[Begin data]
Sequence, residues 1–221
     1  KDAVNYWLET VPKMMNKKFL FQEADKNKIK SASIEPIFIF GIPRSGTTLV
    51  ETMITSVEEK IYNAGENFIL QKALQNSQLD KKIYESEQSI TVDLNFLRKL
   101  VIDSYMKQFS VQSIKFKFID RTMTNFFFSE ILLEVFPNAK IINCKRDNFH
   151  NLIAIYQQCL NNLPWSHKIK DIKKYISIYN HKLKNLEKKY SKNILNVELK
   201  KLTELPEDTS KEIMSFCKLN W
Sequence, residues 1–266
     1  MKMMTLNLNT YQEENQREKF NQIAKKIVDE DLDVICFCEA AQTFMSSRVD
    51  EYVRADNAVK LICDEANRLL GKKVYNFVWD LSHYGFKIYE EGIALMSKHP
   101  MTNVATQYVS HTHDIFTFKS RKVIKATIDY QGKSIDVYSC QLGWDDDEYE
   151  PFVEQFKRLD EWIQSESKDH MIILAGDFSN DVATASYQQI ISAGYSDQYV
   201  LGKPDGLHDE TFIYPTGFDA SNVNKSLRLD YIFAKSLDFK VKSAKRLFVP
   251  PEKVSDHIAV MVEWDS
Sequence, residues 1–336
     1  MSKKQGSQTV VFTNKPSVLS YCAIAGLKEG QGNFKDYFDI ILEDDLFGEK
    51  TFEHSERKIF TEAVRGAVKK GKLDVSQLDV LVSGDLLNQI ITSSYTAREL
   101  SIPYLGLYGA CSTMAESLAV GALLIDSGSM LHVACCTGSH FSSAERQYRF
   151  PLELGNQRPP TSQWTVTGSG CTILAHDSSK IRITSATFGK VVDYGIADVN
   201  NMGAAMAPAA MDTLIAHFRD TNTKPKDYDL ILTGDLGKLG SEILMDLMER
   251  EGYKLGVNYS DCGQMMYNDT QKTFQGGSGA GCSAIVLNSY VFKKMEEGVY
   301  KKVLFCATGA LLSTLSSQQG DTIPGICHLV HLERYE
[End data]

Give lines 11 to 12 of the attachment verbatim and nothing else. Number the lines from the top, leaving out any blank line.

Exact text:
   151  PFVEQFKRLD EWIQSESKDH MIILAGDFSN DVATASYQQI ISAGYSDQYV
   201  LGKPDGLHDE TFIYPTGFDA SNVNKSLRLD YIFAKSLDFK VKSAKRLFVP